Gyumri School Visit
Click here to see a visit to Gyumri Aesthetic Center on June 11, 2005
Staging the Show
Click here to learn about the logistics of staging the Children of Gyumri art show.
Click here for highlights of the opening night festivities.
Gyumri lies at the Western edge of present day Armenia, some 200 km from the capital of Yerevan. Long situated on the border between warring empires, the ancient Armenian city of Kumayri was known as the Russian imperial outpost of Alexandrapol following the tsarist incorporation of the southern Caucasus in 1804. Following WWI and Sovietization the city was renamed Leninikan. As Armenia’s second largest city Leninikan was the largest city in the 1988 Earthquke Zone, and suffered 10,000 casualties. Following independence in 1991, Armenians renamed the damaged city Gyumri, though many old timers still refer to it as Leninikan. Despite being the focus for international earthquake relief efforts, the population of Gyumri has fallen from 250,000 to an estimated 150,000 today.
Art Bridges Sacramento and Gyumri
The idea of holding an art show to benefit the children of Gyumri was conceived on a visit to Armenia on June 11, 2005. Coffee Works owner John Shahabian was visiting his daughter Tamara who was spending four months as a teacher with the Armenian Volunteer Corp (AVC). While there they traveled to the Western Armenian city of Gyumri, which was at the epicenter of the devastating earthquake of 1988, and visited an art school which had taken on the job of housing and nurturing many of the orphans left by the natural disaster. Seeing the delightful works of art created by these young students in such difficult circumstances, often with nothing more than powder paint with paper plates for canvases, gave them the idea to try to help raise funds for the school by hosting an art show back home in Sacramento, California. It was something the Coffee Works had been doing for many years for local public school art programs under the leadership of Coffee Works’ art curator Melinda Johnson.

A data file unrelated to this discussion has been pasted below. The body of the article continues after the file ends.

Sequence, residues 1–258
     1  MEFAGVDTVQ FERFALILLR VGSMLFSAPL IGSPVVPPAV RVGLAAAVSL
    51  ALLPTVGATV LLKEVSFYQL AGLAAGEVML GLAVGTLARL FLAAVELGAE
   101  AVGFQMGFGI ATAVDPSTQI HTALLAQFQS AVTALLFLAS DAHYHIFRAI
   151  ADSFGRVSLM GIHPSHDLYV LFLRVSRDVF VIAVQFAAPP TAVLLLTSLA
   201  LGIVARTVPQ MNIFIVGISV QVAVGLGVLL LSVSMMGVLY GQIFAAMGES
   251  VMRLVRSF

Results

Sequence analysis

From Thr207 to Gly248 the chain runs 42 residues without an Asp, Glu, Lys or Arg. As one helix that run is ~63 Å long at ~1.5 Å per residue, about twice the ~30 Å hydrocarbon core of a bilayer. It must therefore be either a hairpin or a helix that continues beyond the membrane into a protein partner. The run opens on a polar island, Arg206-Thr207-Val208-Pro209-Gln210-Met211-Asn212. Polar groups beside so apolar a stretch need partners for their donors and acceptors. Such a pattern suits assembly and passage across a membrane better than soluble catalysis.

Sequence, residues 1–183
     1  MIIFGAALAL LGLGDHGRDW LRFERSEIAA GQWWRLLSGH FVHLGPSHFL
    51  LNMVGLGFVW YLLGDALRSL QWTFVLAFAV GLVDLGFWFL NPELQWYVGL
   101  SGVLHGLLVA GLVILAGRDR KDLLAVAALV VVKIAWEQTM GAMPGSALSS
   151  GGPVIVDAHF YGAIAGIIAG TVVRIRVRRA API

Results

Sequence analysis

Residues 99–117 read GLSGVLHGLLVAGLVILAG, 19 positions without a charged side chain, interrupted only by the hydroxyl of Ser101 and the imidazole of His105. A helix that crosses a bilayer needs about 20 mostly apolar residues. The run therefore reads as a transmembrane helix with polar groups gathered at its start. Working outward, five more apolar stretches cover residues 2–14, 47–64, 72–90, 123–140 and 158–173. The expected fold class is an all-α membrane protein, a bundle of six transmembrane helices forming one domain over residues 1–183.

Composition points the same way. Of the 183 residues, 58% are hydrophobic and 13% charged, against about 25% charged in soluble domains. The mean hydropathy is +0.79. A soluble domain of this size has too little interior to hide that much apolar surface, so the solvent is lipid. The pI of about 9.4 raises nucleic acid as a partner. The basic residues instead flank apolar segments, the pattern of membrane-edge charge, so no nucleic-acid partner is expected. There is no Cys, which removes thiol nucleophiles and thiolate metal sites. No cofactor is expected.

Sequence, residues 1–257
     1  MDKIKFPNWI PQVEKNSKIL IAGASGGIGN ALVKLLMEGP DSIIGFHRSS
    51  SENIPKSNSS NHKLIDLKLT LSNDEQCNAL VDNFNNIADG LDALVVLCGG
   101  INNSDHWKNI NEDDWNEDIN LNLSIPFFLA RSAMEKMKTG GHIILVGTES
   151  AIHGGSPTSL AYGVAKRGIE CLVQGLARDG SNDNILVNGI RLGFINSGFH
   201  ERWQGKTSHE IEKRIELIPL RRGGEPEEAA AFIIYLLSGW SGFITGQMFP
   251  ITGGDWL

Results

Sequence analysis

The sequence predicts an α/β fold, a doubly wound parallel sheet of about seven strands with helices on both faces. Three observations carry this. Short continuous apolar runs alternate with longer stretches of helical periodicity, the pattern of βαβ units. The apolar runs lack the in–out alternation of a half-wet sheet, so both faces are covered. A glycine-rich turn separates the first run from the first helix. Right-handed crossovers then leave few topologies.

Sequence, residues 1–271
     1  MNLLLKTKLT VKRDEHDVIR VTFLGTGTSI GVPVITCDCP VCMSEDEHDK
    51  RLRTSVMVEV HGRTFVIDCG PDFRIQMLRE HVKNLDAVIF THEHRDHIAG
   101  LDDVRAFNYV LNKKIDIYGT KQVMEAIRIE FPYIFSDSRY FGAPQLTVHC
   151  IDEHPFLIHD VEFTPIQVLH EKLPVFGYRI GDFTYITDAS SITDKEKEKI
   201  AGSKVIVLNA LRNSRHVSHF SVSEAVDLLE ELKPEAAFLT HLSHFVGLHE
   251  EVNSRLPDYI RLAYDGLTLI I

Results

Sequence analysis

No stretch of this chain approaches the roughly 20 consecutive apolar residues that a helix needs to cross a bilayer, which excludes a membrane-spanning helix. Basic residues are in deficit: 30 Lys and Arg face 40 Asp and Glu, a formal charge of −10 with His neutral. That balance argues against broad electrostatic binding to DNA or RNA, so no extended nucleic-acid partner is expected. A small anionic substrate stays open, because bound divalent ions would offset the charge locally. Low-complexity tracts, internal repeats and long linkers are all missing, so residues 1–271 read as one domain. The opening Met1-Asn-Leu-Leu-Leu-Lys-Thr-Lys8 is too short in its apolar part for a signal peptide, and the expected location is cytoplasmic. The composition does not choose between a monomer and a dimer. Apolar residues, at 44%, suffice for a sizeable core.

In the summer of 2006 Tamara returned to Armenia to oversee the distribution of the proceeds of the show. The school decided they wanted a computer facility to link their students to the outside world. Read more about Tamara’s Armenia Artworks Project by clicking here. Tamara decided to do another U.S. art show benefit for Armenian school kids and sponsored an exhibition in Yerevan to help select the art.
ArtWorks Armenia by Tamara Shahabian
What began as a regular weekend excursion with Birthright Armenia turned into one of the defining moments of my four-month stay as a volunteer in Armenia in 2005. The destination was Gyumri, Armenia’s second largest city, which was once known for its business-minded and artistically talented populace. However, my first glimpse of Gyumri was disheartening as I walked carefully past the crumbled building ruins and other reminders of the devastating 1988 earthquake.